Besides, there was that whole not hunting other shifters. Cali had a pretty good handle on his lion, but he wasn’t going to test his cat by tempting it with any kind of prey.

Eventually, he might apply to have the land designated a wildlife reserve. Cali hadn’t decided whether that would be wise or not. It would depend on how many shifters found Southern Sun.

To that end, he could only hope the scent markers he’d left behind would be effective. A shifter would be able to tell what species he was, what gender, age— all the most pertinent information-- and could track Cali to Southern Sun. Then, he’d begin building his pride, and offering refuge to those who needed it.

It was a good plan, a workable plan. The other shifters would come. He purred as he imagined other species of felines sunning with him. It’d be shifter nirvana.

Okay, maybe I’m going too far there. It’ll be damned nice, though.

He couldn’t wait.

He had to wait.

Cali licked at his paw as he told himself to be patient.

He hated being patient.

He’d waited a long time to have his sanctuary, though. And he’d been waiting for someone to love with all his being since he’d matured and learned that fucking around had lost its appeal.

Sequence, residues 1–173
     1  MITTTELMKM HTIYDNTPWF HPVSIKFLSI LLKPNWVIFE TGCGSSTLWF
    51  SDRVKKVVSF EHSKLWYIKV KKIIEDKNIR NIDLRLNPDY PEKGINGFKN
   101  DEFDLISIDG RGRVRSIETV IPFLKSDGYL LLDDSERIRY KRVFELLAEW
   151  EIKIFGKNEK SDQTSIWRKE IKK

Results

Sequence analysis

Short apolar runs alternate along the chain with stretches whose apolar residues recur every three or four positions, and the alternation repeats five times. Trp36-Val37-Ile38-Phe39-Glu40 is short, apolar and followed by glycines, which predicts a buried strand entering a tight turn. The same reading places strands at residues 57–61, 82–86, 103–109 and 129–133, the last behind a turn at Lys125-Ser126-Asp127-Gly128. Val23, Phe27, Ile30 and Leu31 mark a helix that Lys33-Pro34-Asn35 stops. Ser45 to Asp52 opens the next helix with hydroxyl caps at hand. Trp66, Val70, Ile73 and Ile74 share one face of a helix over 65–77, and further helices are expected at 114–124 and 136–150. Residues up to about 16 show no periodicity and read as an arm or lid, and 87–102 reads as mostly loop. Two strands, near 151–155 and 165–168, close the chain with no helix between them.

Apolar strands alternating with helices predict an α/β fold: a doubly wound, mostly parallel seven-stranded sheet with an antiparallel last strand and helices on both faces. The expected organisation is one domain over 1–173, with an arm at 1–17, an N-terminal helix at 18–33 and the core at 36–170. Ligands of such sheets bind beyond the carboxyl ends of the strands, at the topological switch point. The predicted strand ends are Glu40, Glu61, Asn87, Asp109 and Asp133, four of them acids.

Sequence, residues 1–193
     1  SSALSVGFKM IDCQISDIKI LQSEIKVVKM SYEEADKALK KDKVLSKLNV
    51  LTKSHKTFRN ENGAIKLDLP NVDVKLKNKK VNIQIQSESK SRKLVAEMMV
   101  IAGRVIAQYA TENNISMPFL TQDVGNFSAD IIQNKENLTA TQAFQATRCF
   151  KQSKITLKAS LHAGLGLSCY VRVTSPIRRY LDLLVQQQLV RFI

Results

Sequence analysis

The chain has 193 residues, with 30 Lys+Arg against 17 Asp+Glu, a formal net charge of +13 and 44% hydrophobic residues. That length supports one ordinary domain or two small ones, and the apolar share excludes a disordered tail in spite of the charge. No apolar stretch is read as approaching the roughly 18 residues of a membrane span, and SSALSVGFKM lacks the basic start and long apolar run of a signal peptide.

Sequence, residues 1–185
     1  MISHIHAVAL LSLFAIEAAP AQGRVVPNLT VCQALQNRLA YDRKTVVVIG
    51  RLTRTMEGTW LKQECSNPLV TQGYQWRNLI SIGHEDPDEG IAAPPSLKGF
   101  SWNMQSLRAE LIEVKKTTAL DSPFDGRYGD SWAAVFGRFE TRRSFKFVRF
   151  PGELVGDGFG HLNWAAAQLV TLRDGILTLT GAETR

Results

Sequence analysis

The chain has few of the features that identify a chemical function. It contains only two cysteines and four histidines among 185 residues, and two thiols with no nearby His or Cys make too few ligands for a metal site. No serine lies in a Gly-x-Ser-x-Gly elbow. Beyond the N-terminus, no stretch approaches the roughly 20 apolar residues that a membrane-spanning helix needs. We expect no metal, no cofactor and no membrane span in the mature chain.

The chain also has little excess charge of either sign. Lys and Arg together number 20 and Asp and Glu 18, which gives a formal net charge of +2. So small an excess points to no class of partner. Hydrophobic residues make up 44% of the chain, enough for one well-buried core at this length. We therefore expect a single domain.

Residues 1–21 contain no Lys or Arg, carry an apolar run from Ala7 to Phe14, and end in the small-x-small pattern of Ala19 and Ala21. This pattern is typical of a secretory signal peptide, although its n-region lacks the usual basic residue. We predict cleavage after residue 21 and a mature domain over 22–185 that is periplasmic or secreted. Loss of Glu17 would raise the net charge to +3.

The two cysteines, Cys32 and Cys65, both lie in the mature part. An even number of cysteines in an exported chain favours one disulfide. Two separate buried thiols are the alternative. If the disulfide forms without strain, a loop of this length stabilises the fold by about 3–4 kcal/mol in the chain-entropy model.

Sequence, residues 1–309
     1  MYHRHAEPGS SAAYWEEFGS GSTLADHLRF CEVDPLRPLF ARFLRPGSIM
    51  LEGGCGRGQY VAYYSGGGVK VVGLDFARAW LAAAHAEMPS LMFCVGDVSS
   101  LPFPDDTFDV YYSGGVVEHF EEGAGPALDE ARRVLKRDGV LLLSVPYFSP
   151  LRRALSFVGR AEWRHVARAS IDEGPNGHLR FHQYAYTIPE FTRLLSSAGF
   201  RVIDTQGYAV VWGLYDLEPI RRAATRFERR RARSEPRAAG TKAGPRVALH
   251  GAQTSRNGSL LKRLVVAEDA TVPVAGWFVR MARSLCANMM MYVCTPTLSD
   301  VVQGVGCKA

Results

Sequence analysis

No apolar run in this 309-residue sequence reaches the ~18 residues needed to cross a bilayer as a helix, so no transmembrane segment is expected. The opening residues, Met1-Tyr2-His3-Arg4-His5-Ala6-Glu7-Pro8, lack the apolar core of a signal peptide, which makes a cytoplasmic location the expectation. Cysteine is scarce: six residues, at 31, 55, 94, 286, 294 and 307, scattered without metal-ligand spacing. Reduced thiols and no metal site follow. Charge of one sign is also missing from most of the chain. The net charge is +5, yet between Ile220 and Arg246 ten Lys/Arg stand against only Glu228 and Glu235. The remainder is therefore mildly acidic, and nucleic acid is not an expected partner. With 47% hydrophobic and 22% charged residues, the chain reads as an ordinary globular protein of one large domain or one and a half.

He’d been single and celibate for too long, but even when he was lonely, and horny, he couldn’t bring himself to go out and find a quick fuck. He wanted more. He needed more, and he deserved more.

But what if I never find the one for me?

Now he was depressing himself. The warm sunlight wasn’t doing its job of making him into a contented puddle of fur. He was supposed to be relaxing, not stressing out over…life. Or loneliness.


Well, at least he wasn’t hungry anymore.

His stomach growled, startling him into opening his eyes. Okay, he was still hungry.

Cali sat up and shifted. He stood and stretched all over again, working out the kinks that came with transforming from one thing into another. He idly scratched at his chest. It always itched after he shifted, and he didn’t know why. He had chest hair, but that didn’t explain it since he had hair other places, too.

Okay, his balls itched, too. He gave them a rub. Better. Cali took his time walking inside. He hated leaving the sunlight, but his stomach rumbled again and there were a couple of slabs of raw beef waiting for him inside. He’d left them to warm on the butcher block he’d had installed just for raw meats. Cali liked his warm, though he could eat it cold. Or cooked. His preference was for raw meat, however. Now he could indulge himself.

At least he’d cut it up and not just tear into it. He was in his human form, after all, and he tried to act the part at all times lest he screw up out in public and give himself away.